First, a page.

We have become accustomed to appreciating the growing weight of China in global economics and politics. In the last decade, however, these advances have been accompanied by evidence of China’s new role in research and innovation. Increasing expenditures on research and development, patent registrations and government policies to nurture technology-intensive companies have all been impressive. The lecture seeks to explain the origins of these achievements; to assess the prospects for further Chinese progress; and consider the potential gains and challenges that such progress may offer to the rest of the world. We need to know whether we can all gain from China’s technological rise and whether the newly evolving British and European innovation systems have the strength to play a significant role in this new world scene.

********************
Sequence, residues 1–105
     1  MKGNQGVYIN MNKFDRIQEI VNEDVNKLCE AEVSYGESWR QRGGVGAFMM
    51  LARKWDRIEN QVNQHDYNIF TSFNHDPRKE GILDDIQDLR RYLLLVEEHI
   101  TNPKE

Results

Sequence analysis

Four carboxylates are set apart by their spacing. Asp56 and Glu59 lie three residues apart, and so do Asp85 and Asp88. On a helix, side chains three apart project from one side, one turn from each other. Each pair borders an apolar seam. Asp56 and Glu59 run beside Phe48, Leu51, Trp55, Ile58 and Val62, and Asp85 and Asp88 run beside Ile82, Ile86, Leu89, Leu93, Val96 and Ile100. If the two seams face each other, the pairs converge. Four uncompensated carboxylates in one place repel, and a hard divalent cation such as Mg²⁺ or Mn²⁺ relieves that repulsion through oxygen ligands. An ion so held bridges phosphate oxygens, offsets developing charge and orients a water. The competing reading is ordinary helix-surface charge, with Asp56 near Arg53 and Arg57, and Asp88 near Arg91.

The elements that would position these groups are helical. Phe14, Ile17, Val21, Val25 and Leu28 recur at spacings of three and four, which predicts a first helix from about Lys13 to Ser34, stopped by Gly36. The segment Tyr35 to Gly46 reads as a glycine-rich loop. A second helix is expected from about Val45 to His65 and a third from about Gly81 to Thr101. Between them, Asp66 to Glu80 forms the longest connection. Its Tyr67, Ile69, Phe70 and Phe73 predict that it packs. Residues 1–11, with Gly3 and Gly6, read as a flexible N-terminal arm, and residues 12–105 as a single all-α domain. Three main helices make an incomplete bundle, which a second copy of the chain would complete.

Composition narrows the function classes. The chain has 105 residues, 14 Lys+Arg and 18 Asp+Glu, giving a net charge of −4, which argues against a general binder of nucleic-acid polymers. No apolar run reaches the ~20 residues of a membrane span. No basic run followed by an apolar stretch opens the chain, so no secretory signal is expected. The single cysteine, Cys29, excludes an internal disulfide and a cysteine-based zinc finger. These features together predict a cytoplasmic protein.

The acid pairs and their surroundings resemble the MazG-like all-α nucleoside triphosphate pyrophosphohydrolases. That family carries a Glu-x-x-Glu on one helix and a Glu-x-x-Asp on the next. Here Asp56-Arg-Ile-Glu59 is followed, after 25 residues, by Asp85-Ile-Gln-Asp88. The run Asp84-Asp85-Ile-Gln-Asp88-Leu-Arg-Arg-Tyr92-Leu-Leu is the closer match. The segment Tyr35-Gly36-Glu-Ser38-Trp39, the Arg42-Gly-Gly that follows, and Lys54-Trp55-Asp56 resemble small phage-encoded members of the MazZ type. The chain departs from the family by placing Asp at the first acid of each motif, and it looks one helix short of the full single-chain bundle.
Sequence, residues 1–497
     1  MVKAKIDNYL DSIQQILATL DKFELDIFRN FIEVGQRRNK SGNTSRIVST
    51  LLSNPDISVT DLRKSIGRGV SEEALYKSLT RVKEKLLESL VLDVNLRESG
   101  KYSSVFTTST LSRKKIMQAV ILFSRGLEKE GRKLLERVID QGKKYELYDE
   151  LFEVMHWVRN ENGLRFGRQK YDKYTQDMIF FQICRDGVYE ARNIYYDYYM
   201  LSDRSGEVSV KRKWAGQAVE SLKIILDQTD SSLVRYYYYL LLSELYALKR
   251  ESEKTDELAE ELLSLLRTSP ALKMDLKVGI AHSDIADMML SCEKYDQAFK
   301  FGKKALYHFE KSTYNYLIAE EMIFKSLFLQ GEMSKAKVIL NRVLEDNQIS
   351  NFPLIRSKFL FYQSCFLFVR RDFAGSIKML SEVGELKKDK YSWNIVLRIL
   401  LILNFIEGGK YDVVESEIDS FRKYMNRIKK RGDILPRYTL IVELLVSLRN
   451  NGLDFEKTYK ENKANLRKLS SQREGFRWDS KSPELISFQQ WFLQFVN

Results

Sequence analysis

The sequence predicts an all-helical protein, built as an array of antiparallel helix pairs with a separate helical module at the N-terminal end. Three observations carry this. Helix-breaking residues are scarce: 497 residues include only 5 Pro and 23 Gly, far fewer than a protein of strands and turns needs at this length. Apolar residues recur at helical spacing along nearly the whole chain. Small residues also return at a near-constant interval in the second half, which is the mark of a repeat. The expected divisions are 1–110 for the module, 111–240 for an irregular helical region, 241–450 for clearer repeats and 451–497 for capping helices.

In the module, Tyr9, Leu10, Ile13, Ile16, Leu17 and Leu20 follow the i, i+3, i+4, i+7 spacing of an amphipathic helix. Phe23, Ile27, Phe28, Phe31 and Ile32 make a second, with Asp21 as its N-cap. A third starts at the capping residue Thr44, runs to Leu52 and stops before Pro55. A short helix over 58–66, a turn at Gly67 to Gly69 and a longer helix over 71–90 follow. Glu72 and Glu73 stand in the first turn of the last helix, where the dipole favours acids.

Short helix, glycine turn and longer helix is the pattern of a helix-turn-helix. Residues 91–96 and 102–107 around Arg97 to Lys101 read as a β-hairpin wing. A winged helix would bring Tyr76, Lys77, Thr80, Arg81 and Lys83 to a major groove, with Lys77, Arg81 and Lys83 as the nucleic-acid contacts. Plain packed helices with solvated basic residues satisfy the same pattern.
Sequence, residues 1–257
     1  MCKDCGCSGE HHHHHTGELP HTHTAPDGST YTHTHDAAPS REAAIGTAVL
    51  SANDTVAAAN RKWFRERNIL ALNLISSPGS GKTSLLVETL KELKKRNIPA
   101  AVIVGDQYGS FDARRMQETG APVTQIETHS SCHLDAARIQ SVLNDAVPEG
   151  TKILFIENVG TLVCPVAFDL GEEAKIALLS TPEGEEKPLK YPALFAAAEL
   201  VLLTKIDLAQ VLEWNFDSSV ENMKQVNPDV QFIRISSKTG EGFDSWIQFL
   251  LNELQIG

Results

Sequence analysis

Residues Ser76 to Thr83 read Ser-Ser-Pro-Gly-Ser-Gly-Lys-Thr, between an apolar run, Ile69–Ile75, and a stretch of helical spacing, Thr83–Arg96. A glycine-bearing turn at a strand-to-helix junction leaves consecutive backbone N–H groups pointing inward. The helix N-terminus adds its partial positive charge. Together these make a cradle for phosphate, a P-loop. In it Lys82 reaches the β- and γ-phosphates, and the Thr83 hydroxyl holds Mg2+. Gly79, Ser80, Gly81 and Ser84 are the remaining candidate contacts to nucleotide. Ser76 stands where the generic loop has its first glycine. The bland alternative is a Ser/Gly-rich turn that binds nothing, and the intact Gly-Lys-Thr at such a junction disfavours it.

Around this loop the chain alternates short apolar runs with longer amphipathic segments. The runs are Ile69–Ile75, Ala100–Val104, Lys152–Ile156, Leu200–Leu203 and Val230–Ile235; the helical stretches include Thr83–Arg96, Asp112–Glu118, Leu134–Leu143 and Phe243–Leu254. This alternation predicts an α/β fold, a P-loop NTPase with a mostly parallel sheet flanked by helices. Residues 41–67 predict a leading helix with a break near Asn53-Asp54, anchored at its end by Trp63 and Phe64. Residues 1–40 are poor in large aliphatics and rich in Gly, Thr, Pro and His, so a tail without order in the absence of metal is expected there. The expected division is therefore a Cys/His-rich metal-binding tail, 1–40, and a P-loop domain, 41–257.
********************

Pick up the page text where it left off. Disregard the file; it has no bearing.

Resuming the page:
Professor Christopher Howe FBA
Professor Emeritus of Chinese Business Management and Teaching Fellow at the School of Oriental and African Studies
About the speaker:
Christopher Howe is currently Professor Emeritus of Chinese Business Management and Teaching Fellow at the School of Oriental and African Studies. His current research interests are the experiences of research and development in the Peoples Republic of China, Hong Kong, and Taiwan.
Chaired by Professor Carole Hillenbrand FBA, University of Edinburgh